Hundreds oppose Ontario’s plan for warehouses and business park – San Bernardino Sun

Hundreds of people are voicing their opposition to a specific plan that would pave the way for a warehouse and logistics center on former agricultural land in south Ontario.

A petition with 952 names was submitted to the Ontario City Clerk on Monday, Feb. 28, in advance of a City Council meeting beginning at 6:30 p.m. Tuesday, March 1, when the matter is scheduled for a vote.

“We are trying to build a coalition to help our region put a pause on this process,” said Susan Phillips, professor of environmental analysis and director of the Robert Redford Conservancy for Southern California Sustainability at Pitzer College.

“We want the city to take stock of the environmental cost to this,” Phillips added, “and the cost to human health as well as the increase in traffic.”

The city’s economic development team is recommending the council approve an Environmental Impact Report (EIR) and general plan amendments that would change the zoning for 219 acres bordered by Eucalyptus Avenue to the north, Merrill Avenue to the south, the future Campus Avenue extension to the west, and Grove Avenue to the east.

A new plan would eliminate the current residential zoning for low- and medium-density housing and business park and replace them with business park and industrial land uses. This would allow up to 5.3 million square feet of industrial and business park developments, including warehouses, according to the staff report.

The report says the change in usage would meet market demands for business parks and warehouses because the developments would be located adjacent to the Chino Airport, Ontario Ranch developments as well as the Merrill Commerce Center Specific Plan.

Up for approval Tuesday night is establishment of the South Ontario Logistics Center plan that would allow for a variety of uses, including commercial, office space, technology, light manufacturing, warehouses and distribution centers, the city staff report outlined. Of the 219 acres, 184 acres would be designated for industrial developments and 35 acres for business parks.

The Pitzer College-based conservancy is joined in its opposition by the Southern California Agricultural Land Foundation, the Sierra Club, the Inland Valley Advocates for the Environment, Nature For All, the Planning and Conservation League, the League of United Latin American Citizens and many other nonprofit groups.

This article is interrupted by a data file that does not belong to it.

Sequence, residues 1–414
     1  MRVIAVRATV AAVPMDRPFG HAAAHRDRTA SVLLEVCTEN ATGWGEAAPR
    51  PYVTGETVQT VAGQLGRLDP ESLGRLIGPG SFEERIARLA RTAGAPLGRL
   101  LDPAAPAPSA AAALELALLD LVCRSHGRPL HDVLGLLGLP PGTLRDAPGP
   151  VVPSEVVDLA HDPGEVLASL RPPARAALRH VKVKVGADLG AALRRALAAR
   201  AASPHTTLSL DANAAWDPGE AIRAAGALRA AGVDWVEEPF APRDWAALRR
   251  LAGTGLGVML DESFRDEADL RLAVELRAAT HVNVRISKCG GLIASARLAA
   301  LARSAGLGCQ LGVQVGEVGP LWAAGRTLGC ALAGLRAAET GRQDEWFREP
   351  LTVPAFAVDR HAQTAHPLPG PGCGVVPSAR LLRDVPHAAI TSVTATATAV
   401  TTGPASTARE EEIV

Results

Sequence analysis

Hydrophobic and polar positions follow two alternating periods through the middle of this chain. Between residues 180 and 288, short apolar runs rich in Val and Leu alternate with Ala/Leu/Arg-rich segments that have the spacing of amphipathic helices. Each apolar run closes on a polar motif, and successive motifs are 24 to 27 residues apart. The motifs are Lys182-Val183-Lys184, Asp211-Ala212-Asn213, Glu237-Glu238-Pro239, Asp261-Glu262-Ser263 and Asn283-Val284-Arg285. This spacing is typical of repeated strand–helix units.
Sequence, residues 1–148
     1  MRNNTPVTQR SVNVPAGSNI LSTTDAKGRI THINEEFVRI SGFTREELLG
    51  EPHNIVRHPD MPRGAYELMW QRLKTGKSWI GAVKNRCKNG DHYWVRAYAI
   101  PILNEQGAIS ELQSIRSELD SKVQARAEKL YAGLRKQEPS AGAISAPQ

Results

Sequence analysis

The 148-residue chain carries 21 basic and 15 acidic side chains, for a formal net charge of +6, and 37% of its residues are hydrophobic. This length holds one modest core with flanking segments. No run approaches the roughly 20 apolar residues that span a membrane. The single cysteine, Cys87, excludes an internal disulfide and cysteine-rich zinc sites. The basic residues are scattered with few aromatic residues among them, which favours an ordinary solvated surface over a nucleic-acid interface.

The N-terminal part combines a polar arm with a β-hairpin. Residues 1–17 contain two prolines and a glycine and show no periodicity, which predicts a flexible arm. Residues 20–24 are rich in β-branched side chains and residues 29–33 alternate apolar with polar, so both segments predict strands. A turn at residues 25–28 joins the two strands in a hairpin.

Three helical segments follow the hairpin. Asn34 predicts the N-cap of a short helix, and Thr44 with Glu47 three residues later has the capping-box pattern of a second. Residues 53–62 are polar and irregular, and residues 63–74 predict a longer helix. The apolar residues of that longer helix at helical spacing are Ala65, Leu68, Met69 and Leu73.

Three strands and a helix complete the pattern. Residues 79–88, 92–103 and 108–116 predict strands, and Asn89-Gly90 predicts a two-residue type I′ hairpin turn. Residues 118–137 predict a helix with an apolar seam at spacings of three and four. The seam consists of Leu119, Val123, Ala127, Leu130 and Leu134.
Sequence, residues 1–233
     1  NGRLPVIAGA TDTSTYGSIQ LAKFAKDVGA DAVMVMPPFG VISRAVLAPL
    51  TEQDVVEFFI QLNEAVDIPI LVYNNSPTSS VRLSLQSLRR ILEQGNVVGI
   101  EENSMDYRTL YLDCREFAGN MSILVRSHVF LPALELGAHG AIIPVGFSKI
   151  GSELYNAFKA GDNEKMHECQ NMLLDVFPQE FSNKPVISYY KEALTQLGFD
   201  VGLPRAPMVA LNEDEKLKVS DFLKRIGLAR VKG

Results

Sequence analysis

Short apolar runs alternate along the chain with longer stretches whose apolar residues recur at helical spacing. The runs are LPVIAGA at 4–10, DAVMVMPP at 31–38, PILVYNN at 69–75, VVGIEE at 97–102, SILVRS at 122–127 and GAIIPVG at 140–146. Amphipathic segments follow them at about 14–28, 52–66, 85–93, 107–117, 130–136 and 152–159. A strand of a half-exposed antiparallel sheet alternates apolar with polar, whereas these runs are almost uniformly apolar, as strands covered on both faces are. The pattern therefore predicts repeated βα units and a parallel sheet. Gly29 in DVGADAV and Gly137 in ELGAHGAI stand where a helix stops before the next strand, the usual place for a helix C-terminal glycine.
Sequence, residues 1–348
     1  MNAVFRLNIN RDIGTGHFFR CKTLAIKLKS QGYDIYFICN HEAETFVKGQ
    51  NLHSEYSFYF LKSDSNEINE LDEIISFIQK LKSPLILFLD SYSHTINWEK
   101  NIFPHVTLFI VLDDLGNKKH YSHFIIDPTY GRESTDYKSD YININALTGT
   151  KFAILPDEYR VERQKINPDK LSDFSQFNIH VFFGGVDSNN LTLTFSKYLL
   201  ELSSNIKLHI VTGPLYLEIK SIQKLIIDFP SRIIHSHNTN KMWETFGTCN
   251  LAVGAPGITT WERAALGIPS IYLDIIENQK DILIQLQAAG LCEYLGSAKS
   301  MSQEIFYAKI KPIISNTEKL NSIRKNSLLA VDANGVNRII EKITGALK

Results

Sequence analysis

Phillips and the conservancy estimate that the number of warehouses in San Bernardino County have increased dramatically, from 203 in 1990 to 2,998 in 2021. Many are built without adequate community input, Phillips said, often leaving nearby residents vulnerable to air pollution from diesel trucks that serve these warehouses, a recognized public health concern.

She said the green coalition is asking that the city postpone the vote and consider a moratorium on future industrial uses, particularly warehouses and logistics centers such as those used by Amazon and Walmart.

Other Inland Empire cities hearing complaints from residents about warehouses that add to traffic, noise and air pollution have enacted moratoriums. The Redlands Planning Commission voted Feb. 22 to recommend a moratorium on warehouse projects but the final say rests with the City Council, which has not yet taken up the matter.

The petition against the Ontario project, penned by Randy Randy Beckendam, owner of nearby Amy’s Farm and executive director of the Southern California Agricultural Land Foundation, was signed by nearly 1,000 people, including residents of Ontario, Claremont, Pomona, Chino, Montclair, Riverside, Upland and Chino Hills, as well as a sprinkling from cities in Los Angeles and Orange counties.

“The business park/warehouse development on this prime farmland will place industrial operations anddiesel trucks next to homes, increasing dirty greenhouse gases, poor air quality, and exacerbatingcongestion and dangerous traffic conditions,” the petition letter concluded.

The Pitzer College conservancy and the Land Foundation submitted an alternative plan, consisting of mini-farms and orchards growing crops for sale at local farmers’ markets. The “closed-loop” community would be a food hub that recycles all its waste, while increasing carbon sequestration, which can reduce greenhouse gases that contribute to global climate change and improve air and water quality, Beckendam’s group wrote in the petition.

The green groups want to see a certified community kitchen, a native wildflower garden and pond to create new habitat for bird and animal species, bike and walking trails and community gardens.

“This small-scale project would provide a global model of how we can confront environmental issues on a bigger stage,” the groups wrote.

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